It’s been a long, expensive and often turbulent journey, but Manchester United is back in a place it used to know so well.
Top of the Premier League.
A 1-0 win at Burnley on Tuesday, secured by a deflected volley from Paul Pogba, lifted United above great rival Liverpool to the summit of England’s top division after 17 games, approaching the halfway point of the season.
The great Alex Ferguson was still in charge the last time United led the standings this deep into a league campaign. That was in the 2012-13 season and Ferguson would go on to lead United to the title in what proved to be his final season as a manager.
The Norwegian said this week that “no one remembers the January league tables” but it didn’t stop him having a look of satisfaction at the final whistle. Quite justifiably, too, given the criticism he has faced in his two years in charge, mostly from those who believe he isn’t qualified to be a manager at this level.
Yet he has done something David Moyes, Louis van Gaal and Jose Mourinho, his three predecessors following Ferguson’s retirement, were unable to do.
United moved into a three-point lead over Liverpool that could immediately be wiped out, with Solskjaer’s side heading to Anfield on Sunday.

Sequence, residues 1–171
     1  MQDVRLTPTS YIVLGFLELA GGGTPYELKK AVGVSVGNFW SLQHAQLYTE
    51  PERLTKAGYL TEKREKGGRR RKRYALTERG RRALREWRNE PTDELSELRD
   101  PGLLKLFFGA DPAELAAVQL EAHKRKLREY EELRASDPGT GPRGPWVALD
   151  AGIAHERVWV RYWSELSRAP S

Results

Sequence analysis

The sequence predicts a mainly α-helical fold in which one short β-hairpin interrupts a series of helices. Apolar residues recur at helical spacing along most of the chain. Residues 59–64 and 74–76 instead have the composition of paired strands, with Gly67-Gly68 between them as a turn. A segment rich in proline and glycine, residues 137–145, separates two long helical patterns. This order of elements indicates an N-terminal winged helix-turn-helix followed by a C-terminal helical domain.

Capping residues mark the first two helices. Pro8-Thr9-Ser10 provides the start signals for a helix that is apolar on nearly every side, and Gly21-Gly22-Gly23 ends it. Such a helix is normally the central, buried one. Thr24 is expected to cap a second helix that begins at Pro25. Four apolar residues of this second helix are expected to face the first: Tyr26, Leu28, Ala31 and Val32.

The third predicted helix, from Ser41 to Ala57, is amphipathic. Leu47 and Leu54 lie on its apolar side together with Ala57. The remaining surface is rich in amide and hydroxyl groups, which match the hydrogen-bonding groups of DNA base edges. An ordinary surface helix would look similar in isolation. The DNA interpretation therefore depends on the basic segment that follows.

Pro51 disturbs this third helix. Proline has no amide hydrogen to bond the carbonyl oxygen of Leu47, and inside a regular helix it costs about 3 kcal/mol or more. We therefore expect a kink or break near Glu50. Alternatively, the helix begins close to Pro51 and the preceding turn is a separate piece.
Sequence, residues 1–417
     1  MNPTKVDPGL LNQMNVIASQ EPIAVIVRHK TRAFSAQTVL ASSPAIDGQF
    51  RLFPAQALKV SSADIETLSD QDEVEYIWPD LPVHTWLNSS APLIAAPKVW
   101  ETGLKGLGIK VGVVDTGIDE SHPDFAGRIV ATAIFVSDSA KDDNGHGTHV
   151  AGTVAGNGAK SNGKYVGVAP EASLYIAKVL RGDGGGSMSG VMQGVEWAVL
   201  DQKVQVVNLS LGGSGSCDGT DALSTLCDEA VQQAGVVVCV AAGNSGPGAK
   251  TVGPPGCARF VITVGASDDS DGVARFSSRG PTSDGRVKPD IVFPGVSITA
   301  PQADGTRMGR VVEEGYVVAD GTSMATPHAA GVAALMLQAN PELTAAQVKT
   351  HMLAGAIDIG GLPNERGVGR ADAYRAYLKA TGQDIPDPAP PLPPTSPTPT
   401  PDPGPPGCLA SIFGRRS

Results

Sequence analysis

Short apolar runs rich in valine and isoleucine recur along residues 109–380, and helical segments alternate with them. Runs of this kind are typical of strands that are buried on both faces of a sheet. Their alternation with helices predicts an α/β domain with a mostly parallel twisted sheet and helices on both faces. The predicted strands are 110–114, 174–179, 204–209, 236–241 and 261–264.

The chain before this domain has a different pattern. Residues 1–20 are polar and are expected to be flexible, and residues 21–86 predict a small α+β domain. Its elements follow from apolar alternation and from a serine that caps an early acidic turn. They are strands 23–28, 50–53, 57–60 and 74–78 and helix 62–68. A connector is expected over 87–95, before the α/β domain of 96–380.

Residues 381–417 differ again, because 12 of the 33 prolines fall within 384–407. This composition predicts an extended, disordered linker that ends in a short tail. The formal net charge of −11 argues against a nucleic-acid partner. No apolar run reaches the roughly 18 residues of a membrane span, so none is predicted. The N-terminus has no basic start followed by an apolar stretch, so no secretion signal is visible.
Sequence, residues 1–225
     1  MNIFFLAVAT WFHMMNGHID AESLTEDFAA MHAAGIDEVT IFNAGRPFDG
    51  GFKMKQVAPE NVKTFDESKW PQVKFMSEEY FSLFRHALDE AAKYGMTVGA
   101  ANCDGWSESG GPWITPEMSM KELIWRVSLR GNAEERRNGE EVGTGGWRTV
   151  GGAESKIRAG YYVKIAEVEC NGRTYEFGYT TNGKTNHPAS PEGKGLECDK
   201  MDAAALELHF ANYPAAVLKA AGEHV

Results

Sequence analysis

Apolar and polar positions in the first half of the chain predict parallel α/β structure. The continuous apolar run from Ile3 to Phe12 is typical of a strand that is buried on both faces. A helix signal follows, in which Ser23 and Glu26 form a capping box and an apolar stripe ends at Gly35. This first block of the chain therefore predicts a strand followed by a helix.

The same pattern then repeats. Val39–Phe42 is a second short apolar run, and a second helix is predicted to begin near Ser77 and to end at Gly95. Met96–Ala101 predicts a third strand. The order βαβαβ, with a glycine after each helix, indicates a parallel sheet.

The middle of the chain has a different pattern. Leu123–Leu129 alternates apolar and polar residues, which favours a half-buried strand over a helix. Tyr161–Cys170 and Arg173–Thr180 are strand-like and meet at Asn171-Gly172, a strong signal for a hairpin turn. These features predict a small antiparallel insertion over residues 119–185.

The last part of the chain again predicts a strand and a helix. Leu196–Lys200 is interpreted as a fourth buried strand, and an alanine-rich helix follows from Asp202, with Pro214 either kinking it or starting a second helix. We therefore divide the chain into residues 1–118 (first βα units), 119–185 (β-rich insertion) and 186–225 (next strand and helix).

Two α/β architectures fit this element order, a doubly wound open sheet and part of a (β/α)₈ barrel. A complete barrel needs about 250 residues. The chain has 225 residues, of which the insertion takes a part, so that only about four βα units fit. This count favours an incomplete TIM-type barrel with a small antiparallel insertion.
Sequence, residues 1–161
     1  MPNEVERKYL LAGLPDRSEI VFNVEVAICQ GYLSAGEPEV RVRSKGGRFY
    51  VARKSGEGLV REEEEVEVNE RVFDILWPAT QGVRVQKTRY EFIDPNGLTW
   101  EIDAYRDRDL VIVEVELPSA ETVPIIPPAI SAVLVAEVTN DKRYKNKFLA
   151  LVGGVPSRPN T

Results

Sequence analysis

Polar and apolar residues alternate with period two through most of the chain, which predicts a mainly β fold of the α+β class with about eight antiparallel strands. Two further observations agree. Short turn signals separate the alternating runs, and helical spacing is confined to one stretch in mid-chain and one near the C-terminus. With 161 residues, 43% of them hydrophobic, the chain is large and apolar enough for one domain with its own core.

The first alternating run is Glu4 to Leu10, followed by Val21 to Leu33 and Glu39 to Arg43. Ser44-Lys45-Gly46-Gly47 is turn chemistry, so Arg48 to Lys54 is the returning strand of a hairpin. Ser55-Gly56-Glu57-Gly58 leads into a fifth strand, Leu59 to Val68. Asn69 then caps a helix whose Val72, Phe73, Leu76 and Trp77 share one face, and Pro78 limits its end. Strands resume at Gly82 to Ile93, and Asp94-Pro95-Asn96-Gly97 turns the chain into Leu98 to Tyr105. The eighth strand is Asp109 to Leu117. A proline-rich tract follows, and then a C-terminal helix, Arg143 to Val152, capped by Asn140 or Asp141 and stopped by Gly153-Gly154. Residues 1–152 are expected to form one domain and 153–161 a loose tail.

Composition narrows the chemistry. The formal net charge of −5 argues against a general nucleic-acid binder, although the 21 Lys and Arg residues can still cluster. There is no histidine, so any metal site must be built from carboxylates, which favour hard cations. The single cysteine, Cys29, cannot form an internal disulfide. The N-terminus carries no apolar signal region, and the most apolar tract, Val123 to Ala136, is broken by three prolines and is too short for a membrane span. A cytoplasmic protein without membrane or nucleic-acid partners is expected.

It was a slog against Burnley, as it often is at Turf Moor, with the hosts defending diligently before being undone by a cruel piece of fortune in the 71st minute.
Pogba met a cross from Marcus Rashford with a first-time volley from the edge of the area that struck the outstretched leg of Burnley right back Matt Lowton and ricocheted through the legs of goalkeeper Nick Pope.
The final whistle was met with roars from United players — especially from Pogba — as it was inside an empty Bramall Lane a few hours earlier after Sheffield United ended the longest winless start to a Premier League season with a 1-0 victory over Newcastle.
The win came at the 18th time of asking for Chris Wilder’s side, which is still in last place — on just five points and nine points from safety — but there’s at least a glimmer of hope of staying up for a team that was challenging for the European positions for much of last season.